“The vehicle that is carrying the message has turned into a behemoth,” Smith said. “When we message and put out a story into the world that is significantly derailed from the day-to-day experiences of survivors, it shapes public opinion, we have political leaders screening the film, it shapes public policy, and it shapes where the money goes.”
Even if the movie doesn’t lean on QAnon themes, which its filmmakers have firmly pushed back on and which Verástegui says he doesn’t believe, Ash said “Freedom” is “politically convenient” and an appealing story for a subset of Americans who want to believe other countries are “broken and horrible,” who fear immigration, or who believe military raids and intervention from law enforcement are the only solution to problems.
That’s a key facet of the proposed National Human Trafficking Hotline Enhancement Act, which Florida Rep. Laurel Lee (R) introduced to Congress in January. The proposed bill would “require entities that contract with the National Human Trafficking Hotline to cooperate with State and local law enforcement agencies when receiving tips via the Hotline.” The National Survivor Network is advocating against the legislation because it believes it would threaten the safety and privacy of survivors who call hotlines believing that their anonymity would be maintained.
“We’ve seen politicians be able to leverage this movie to sway hearts,” Ash said. “That’s what art and media does is move people’s hearts, and now you’ve got a room full of people who have engaged with this really compelling story that is making them want to support a candidate who is going to Do Something without realizing that every intervention has people that it helps and people that it harms.”
Verástegui says following screenings of the film in Latin America and in the U.S. with government leaders, he’s extended invites to lawmakers on the left and right and has proposed legislation he believes would be bipartisan. He also says his goal is to empower every organization fighting human trafficking.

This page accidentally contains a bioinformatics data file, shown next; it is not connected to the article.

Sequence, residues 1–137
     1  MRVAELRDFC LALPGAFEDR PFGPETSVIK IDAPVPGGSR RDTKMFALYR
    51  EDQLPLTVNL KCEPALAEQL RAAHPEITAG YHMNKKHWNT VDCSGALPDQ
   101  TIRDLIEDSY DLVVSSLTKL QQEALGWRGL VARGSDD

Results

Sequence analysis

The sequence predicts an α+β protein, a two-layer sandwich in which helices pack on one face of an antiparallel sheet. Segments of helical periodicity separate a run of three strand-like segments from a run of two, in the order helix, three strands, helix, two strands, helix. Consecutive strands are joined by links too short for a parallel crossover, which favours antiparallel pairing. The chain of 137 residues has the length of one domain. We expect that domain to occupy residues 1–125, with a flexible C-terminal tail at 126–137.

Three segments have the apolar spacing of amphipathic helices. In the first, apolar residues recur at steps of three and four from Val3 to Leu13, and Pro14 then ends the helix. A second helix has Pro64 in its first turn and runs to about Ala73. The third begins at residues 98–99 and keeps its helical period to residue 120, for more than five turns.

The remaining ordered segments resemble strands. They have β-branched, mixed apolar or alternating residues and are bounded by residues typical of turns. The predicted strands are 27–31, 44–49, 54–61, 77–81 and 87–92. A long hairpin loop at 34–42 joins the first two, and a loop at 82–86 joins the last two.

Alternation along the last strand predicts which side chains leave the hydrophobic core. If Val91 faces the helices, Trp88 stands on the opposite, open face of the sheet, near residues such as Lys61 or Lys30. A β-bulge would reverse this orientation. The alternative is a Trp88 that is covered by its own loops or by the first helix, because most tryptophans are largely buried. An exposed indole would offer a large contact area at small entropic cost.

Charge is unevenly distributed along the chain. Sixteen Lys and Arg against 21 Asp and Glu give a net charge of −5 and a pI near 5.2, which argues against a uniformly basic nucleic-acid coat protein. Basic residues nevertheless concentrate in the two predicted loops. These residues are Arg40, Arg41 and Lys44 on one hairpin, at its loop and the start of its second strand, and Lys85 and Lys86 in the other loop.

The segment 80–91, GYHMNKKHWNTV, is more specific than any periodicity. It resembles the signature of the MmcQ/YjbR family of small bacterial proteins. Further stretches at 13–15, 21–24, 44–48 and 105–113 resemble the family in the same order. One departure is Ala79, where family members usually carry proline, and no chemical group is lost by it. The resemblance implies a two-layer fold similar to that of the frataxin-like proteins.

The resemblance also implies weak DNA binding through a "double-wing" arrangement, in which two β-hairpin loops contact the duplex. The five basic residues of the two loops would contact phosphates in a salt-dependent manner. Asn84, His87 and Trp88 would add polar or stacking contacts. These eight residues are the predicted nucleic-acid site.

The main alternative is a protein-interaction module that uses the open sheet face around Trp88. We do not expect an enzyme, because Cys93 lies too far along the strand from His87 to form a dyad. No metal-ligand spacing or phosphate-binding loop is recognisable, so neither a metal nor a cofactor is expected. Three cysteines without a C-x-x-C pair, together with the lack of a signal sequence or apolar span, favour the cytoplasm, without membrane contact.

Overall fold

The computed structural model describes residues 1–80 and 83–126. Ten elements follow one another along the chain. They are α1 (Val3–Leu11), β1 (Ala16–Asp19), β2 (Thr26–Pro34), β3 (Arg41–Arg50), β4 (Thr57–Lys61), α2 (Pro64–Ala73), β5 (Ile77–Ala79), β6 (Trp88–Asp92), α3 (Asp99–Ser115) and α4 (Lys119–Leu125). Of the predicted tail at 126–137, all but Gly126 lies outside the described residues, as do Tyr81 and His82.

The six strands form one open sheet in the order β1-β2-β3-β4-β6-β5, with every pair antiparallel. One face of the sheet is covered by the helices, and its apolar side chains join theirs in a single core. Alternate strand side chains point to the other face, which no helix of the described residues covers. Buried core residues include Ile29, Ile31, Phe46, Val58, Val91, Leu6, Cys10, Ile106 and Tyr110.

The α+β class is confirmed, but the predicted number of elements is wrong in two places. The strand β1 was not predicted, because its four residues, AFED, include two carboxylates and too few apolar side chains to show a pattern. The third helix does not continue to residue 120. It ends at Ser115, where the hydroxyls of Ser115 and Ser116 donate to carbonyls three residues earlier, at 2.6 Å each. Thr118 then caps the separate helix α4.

“How can we turn it into a priority? It’s not going to be through a foundation or through two, three, or four, or five nonprofits. It has to be through movement,” he said. “You create a movement that you can put pressure on a government, and they react, because otherwise, they look suspicious. So that’s why this is so important. You have to leave a legacy behind that it’s permanent.”
“Sound of Freedom” has brought increased awareness to human trafficking and inspired activist groups to rally for greater funds, education, and awareness. Freedom Network created additional resources to help local advocates field questions from community members with questions or looking to get involved. It has also started a coalition of other national trafficking groups to make sure the messaging is clear and consistent.
The National Survivor Network held informal gatherings to offer support for survivors who may have been attacked for criticizing the film. It also led a Human Trafficking 101 session on Capitol Hill to demonstrate that no single piece of legislation that will solve all trafficking issues. Ash believes the session could become an annual event for Congress.
Boyd, Lynge, Ash, and others created a list of survivor-vetted films and series they believe depict a more nuanced look at trafficking, including “Orange Is the New Black” and the 2003 kids’ movie “Holes.” They’re skeptical that most Hollywood stories can capture what trafficking is really like, but believe trafficking survivors have a lot to offer to the conversation and are rarely given the platform.
“No survivor is voiceless,” Boyd said. “It’s just that we’re not listened to.”